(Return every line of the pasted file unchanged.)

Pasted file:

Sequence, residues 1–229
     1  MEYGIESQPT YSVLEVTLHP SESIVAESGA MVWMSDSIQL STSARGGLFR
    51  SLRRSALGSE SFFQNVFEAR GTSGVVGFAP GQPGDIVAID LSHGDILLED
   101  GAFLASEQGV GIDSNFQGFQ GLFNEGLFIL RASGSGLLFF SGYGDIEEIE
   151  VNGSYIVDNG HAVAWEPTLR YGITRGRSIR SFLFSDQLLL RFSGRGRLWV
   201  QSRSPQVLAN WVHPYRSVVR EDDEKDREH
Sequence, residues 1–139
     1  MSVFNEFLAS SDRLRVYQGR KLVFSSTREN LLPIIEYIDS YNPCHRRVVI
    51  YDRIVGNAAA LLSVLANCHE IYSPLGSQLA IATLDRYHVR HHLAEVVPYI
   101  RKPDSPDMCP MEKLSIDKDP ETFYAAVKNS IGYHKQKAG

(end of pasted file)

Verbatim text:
Sequence, residues 1–229
     1  MEYGIESQPT YSVLEVTLHP SESIVAESGA MVWMSDSIQL STSARGGLFR
    51  SLRRSALGSE SFFQNVFEAR GTSGVVGFAP GQPGDIVAID LSHGDILLED
   101  GAFLASEQGV GIDSNFQGFQ GLFNEGLFIL RASGSGLLFF SGYGDIEEIE
   151  VNGSYIVDNG HAVAWEPTLR YGITRGRSIR SFLFSDQLLL RFSGRGRLWV
   201  QSRSPQVLAN WVHPYRSVVR EDDEKDREH
Sequence, residues 1–139
     1  MSVFNEFLAS SDRLRVYQGR KLVFSSTREN LLPIIEYIDS YNPCHRRVVI
    51  YDRIVGNAAA LLSVLANCHE IYSPLGSQLA IATLDRYHVR HHLAEVVPYI
   101  RKPDSPDMCP MEKLSIDKDP ETFYAAVKNS IGYHKQKAG